The U.S. accusation that Chinese currency, or renminbi (RMB), remains "significantly undervalued" is not justified because China's current account surplus has declined sharply and the country has stopped intervening in foreign exchange markets, experts said Friday.
"At the moment I don't think using the term 'significantly undervalued' is justified by the facts about the situation," Adam Posen, president of Peterson Institute for International Economics, told Xinhua after a panel discussion on economic growth in Asia organized by the Center for Strategic and International Studies.
Posen said "it doesn't make any sense" to "use the same adjectives and the same languages" in 2015 to talk about the Chinese currency which he believed was undervalued in 2004 to 2005 when China's current account surplus amounted to about 10 percent of its gross domestic product (GDP) and the country intervened intensively in foreign exchange markets.
But in 2015, China's current account surplus has declined to 2 percent of its GDP and the country basically doesn't intervene in foreign exchange markets at all, he said.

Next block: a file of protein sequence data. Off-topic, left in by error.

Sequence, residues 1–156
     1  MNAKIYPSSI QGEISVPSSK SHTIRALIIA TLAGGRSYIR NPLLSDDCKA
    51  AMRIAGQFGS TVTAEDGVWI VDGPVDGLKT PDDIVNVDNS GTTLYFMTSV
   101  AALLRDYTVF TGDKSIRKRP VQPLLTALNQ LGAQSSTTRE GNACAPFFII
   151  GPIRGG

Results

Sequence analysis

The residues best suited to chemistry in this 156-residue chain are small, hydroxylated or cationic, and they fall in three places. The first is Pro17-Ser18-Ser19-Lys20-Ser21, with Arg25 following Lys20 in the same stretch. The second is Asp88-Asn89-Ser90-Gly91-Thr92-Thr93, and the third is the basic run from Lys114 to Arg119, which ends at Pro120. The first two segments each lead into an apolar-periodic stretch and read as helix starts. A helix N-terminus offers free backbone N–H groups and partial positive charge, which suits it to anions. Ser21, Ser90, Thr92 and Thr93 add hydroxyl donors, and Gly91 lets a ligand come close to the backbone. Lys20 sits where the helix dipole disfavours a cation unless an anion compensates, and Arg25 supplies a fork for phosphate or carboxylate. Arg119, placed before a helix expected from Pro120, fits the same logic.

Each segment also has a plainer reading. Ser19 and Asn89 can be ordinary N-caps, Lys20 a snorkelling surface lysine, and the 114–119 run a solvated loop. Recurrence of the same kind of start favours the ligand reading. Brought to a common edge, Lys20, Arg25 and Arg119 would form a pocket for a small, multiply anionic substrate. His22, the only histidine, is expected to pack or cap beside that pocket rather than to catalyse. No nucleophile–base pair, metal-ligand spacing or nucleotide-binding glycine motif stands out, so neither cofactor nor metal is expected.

The U.S. Treasury, Posen said, has acknowledged that China's reduced level of intervention in the foreign exchange market is consistent with the commitment of Chinese government at the U.S.- China Strategic and Economic Dialogue (S&ED).
Posen made the remarks a day after the U.S. Treasury declined to rule China as a currency manipulator, but highlighted the need for sustained progress toward a market-driven exchange rate, saying the RMB was still "significantly undervalued" in its Semi- Annual Report to Congress on International Economic and Exchange Rate Policies.
Manu Bhaskaran, the chief executive officer of Centennial Asia Advisors, an independent research and advisory firm based in Singapore, echoed Posen's view, saying the manipulation of exchange rates can be measured by one country's foreign exchange reserves.
"China has not accumulated foreign exchange reserves any more. In fact, it has been declining, which suggests it's not intervening (in foreign exchange markets)," Bhaskaran said.
China's foreign exchange reserves have fallen to 3.84 trillion U.S. dollars by the end of last year from a peak of 3.99 trillion dollars, according to China's State Administration of Foreign Exchange (SAFE), the country's top forex regulator.
The SAFE said last month that the RMB exchange rate is already at a balanced level now, and China will steadily promote free RMB convertibility under capital account.